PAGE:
It’s a long-held notion, proven in fact, that robots are the perfect instrument to free humans from jobs that are dull, dirty and dangerous – the “3 Ds” in industry speak – with flying robots (drones) leading the way.
As low-cost drones have proliferated worldwide, they are tasked with a variety of objectives, including remote sensing, situational awareness, material delivery and as communication relays. Heady stuff, even military in nature, prompting the deployment of not a single drone at a time, but rather, swarms of drones to complete tasks.
But as their importance and numbers have soared, their swarm mechanics have remained largely dormant. While it is now possible to fly large numbers of drones in sync, these swarms are preprogrammed by teams of animators and are refined with hours of computer simulations.
But what if the drones themselves could respond dynamically to obstacles, vehicles, predators and insect swarms? It’s a concept long ago mastered by birds flying in flocks and fish swimming in schools.
“These movements are not pre-programmed but are based on local decisions by individual birds or fish,” said Aaron Becker, associate professor of electrical and computer engineering, who is working to refine algorithms to apply those same theories to devise coordinated control of drone swarms to improve their fleet-like delivery of services. His work is supported by the commitment of a $1.7 million grant from Kostas Research Institute at Northeastern University, LLC.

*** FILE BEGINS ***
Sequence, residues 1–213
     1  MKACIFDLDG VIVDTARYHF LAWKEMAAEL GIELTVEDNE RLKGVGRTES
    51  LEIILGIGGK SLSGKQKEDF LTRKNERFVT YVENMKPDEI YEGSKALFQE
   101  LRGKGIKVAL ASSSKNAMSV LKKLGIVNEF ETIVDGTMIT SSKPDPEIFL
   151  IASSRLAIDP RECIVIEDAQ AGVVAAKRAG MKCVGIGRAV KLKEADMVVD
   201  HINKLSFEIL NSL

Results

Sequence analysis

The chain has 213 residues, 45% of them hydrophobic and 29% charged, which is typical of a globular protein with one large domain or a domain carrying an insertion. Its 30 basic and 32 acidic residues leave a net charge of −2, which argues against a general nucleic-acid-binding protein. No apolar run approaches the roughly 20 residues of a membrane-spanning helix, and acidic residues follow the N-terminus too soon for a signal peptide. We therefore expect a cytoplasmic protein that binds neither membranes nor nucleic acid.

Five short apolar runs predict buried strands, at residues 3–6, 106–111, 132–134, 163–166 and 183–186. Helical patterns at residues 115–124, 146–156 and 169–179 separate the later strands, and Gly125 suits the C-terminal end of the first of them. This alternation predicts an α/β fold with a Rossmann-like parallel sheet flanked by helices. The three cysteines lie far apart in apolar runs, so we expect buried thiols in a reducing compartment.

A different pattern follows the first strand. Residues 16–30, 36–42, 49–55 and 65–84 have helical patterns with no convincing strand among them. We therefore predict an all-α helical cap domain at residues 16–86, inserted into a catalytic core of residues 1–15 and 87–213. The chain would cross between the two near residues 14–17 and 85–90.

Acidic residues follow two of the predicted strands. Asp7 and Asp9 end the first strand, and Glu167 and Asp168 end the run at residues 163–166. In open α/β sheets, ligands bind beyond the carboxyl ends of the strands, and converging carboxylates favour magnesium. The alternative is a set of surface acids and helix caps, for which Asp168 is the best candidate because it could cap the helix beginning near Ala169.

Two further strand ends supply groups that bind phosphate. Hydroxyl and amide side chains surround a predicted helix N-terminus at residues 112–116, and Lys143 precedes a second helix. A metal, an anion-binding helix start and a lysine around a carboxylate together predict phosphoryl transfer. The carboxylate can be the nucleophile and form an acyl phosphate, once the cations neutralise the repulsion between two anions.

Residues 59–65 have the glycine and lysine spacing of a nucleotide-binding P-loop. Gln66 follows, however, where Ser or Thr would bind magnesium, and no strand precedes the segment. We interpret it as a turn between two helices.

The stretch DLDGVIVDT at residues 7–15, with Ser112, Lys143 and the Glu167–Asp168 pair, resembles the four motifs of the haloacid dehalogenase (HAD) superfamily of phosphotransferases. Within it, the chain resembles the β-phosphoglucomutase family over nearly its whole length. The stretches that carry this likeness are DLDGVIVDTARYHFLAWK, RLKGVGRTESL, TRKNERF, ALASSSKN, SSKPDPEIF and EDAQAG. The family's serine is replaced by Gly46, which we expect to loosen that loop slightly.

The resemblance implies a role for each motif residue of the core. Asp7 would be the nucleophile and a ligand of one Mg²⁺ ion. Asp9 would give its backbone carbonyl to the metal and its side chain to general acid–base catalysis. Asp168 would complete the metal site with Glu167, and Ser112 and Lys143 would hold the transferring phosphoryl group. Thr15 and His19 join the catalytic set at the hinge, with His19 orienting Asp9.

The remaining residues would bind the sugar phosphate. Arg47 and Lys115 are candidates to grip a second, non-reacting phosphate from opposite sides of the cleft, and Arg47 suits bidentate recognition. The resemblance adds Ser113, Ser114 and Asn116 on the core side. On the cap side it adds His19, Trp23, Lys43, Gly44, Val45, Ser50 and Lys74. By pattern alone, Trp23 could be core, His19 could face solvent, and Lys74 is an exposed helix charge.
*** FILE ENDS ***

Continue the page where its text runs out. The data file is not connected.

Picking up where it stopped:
Becker’s team includes David Jackson, professor of electrical and computer engineering; Julien Leclerc, assistant research professor of electrical and computer engineering; and Daniel Onofrei, associate professor of mathematics.
“The majority of current research on swarms follows the same pattern and either relies on offline computation or uses simple rule-based logic such as ‘don’t bump into your neighbor while following the leader.’ Computers are great at fast computation and implementing tactics, but humans can excel at strategic decision making. We want to combine these,” said Becker.
“We want our swarms to behave optimally yet respond fluidly to changes in the environment. We aim to use computation on drones to locally make smart decisions, relay that information to the operator’s computer to make clear visualizations, and let the human operator make high-level decisions.”
Two initial application scenarios will be studied. The first scenario is aerial sensing of a forest fire, where the drone swarm must both track the fire and relay communications to firefighters. The second scenario is for aerial security coverage of a commercial facility and campus. Drones must escort vehicles that enter and leave the campus, but each drone has limited battery life and must recharge when batteries are depleted.
It’s not Becker’s first robot rodeo. With years of experience in studying and developing robots, Becker is now using his expertise to enhance drone swarms. In the past, he has worked on controlling massive swarms of robots and exploring systems where only a handful of instructions were needed to guide large groups of robots to complete tasks.